Interstate 69C

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Interstate 69C marker

Interstate 69C
Route information
Maintained by TxDOT
Existed: May 30, 2013 (2013-05-30) – present
Central Rio Grande Valley segment
Length: 13.5 mi[1] (21.7 km)
South end: I‑2 / US 83 in Pharr
North end:
Bus. US 281 near Edinburg
Highway system

Interstate 69C (I-69C) is a south–north freeway running through South Texas. Once complete the freeway will begin at Interstate 2/U.S. Highway 83 in Pharr and head northward before terminating in George West at the future I-69W. For its entire length, I-69C shares its alignment with US 281.


Hidalgo County Courthouse in Edinburg, TX near the temporary northern terminus of I-69C
Live Oak County Courthouse in George West, TX near the future northern terminus of I-69C

The Federal Highway Administration approved the designation for the South Rio Grande Valley Segment on May 24, 2013,[2] and the Texas Transportation Commission followed suit on May 30, 2013.[3] This action finalized the designations of not only I-69C, but also of the sections of Interstate 69E (I-69E) from Brownsville north to north of Raymondville, and also Interstate 2 (I-2) which is a 46.8-mile (75.3 km) freeway connecting with I-69C and I-69E in Mission and Harlingen.[2] These approvals added over 100 miles (160 km) to the Interstate Highway System in the Rio Grande Valley.[4] The signage was installed in summer 2013.[5]

As of June 2013, the cluster consisting of the recently designated portions of I-69C, I-69E, and I-2 in the Rio Grande Valley is not connected to the national Interstate network. This situation is slated to be remedied by scheduled projects to complete I-69E along US 77 between Raymondville and Robstown, and to complete the southern end of the previously signed portion of the I-69 corridor connecting with I-37 west of Corpus Christi. Environmental Protection Agency approval for the upgrade of the US 77 alignment to Interstate standards, including bypasses of the towns along the 91-mile (146 km) routing, was obtained through a Finding of No Significant Impact statement issued on July 13, 2012;[6] funding for the various projects to effect the upgrades is slated to become available after 2015.[7] During August 2014, exit numbering began on the south most segment in Edinburg.

Exit list[edit]

All exits are unnumbered.

County Location Mile km Destinations Notes
Hidalgo Pharr 0.0 0.0 I‑2 / US 83 (Expressway 83) – McAllen, Harlingen Southbound exit and northbound entrance; southern terminus
0.8 1.3 US 281 South - Pharr/ SH 495-Ferguson Avenue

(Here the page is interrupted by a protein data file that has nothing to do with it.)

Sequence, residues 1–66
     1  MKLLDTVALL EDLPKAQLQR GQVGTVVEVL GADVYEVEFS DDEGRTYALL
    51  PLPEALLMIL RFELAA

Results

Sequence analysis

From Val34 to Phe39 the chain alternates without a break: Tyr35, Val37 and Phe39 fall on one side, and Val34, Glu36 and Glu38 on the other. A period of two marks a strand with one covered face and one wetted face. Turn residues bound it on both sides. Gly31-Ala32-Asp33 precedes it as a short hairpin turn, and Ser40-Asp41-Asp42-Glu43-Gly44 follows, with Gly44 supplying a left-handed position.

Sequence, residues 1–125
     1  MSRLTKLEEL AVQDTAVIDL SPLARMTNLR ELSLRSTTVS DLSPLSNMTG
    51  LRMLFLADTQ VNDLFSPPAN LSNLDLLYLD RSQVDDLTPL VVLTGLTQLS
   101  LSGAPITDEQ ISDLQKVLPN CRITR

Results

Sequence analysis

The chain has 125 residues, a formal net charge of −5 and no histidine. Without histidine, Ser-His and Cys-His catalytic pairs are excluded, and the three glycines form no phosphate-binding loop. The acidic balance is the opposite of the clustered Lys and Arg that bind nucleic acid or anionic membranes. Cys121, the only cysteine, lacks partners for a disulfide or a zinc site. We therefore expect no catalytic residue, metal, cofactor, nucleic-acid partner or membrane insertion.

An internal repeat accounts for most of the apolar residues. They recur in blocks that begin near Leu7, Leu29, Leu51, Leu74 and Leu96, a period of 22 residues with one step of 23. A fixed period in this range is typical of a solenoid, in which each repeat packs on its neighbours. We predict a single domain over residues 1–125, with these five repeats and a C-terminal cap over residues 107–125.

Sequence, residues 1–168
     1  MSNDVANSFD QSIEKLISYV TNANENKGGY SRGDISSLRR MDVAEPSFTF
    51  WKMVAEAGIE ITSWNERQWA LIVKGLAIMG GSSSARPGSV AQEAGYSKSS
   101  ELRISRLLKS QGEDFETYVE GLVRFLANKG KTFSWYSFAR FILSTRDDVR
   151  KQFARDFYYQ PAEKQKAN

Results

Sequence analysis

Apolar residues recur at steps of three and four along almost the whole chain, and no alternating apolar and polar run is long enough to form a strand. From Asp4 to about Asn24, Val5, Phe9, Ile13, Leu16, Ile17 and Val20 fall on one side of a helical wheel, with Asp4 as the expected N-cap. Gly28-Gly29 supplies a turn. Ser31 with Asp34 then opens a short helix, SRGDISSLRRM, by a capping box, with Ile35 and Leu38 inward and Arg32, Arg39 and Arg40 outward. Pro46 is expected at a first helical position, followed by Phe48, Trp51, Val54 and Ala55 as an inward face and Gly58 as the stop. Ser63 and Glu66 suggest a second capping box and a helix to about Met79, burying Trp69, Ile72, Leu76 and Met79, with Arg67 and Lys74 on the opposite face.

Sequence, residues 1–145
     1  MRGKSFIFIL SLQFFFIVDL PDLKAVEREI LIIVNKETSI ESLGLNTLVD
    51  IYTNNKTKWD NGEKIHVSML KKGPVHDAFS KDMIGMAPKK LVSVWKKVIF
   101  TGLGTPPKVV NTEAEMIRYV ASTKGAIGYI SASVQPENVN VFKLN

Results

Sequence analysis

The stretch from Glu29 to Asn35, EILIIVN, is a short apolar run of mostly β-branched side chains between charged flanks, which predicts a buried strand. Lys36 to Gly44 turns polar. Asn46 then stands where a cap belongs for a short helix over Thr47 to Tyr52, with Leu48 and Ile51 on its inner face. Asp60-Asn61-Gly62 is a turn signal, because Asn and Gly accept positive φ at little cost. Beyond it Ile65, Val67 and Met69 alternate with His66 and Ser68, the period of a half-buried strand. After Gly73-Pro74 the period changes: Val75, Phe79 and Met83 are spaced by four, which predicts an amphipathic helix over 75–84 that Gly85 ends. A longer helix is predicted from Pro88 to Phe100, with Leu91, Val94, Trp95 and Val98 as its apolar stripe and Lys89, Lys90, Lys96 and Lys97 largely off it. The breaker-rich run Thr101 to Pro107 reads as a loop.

1.2 1.9 Sioux Road Southbound exit and northbound entrance
1.5 2.4 FM 3461 west (Earling Street) / Nolana Loop
2.5 4.0
Bus. US 281 north – Edinburg
3.2 5.1 Trenton Road
Edinburg 4.2 6.8 I Road, Canton Road
5.3 8.5 Freddy Gonzalez Drive
6.6 10.6 SH 107 / University Drive – UTPA, Mission No northbound entrance
7.1 11.4 FM 2128 east / Schunior Road / Richarson Road / Chapin Road No southbound entrance
  8.2 13.2 Russell Road, Rogers Road
  8.6 13.8 FM 1925 / Monte Cristo Road – Elsa No northbound entrance
  13.5 21.7
Bus. US 281 south – Edinburg
No southbound entrance; Current northern terminus of Central Rio Grande Valley segment of I-69C
Temporary northern terminus of I-69C; US 281 continues north
Brooks   FM 3066 (Baluarte Creek Road)
Bus. US 281 south (Saint Mary's Street)
SH 285 (Rice Street)

Bus. US 281 north (Saint Mary's Street)
Jim Wells   FM 1418
Gap in route
1.000 mi = 1.609 km; 1.000 km = 0.621 mi

See also[edit]


  1. ^ Transportation Planning and Programming Division. "Interstate Highway No. 69-C". Highway Designation Files. Texas Department of Transportation. Retrieved September 3, 2013. 
  2. ^ a b Staff (May 30, 2013). "Interstate 69 Comes to Texarkana and the Valley" (Press release). Alliance for I-69 Texas. Retrieved July 17, 2013. 
  3. ^ Nino, Mark (May 31, 2013). "Texas Transportation Commission Approves Interstate 69 System". Brownsville, TX: KVEO-TV. Retrieved July 17, 2013. 
  4. ^ Taylor, Steve (May 30, 2013). "Over 100 Miles of Valley Highways To Be Designated Interstate". Rio Grande Guardian (McAllen, TX). Retrieved July 17, 2013. 
  5. ^ Janes, Jared (July 15, 2013). "Valley's I-69 signage the latest stop along superhighway dream". The Monitor. Retrieved July 17, 2013. 
  6. ^ Staff (July 13, 2012). "Agency Gives US 77 Upgrades Final Environmental Clearance" (Press release). Alliance for I-69 Texas. Retrieved July 17, 2013. 
  7. ^ Clark, Steve (August 8, 2011). "Interstate Link to Valley Moves Closer to Reality, Official Says". Brownsville Herald. Retrieved July 17, 2013. 

External links[edit]

Route map: Google / Bing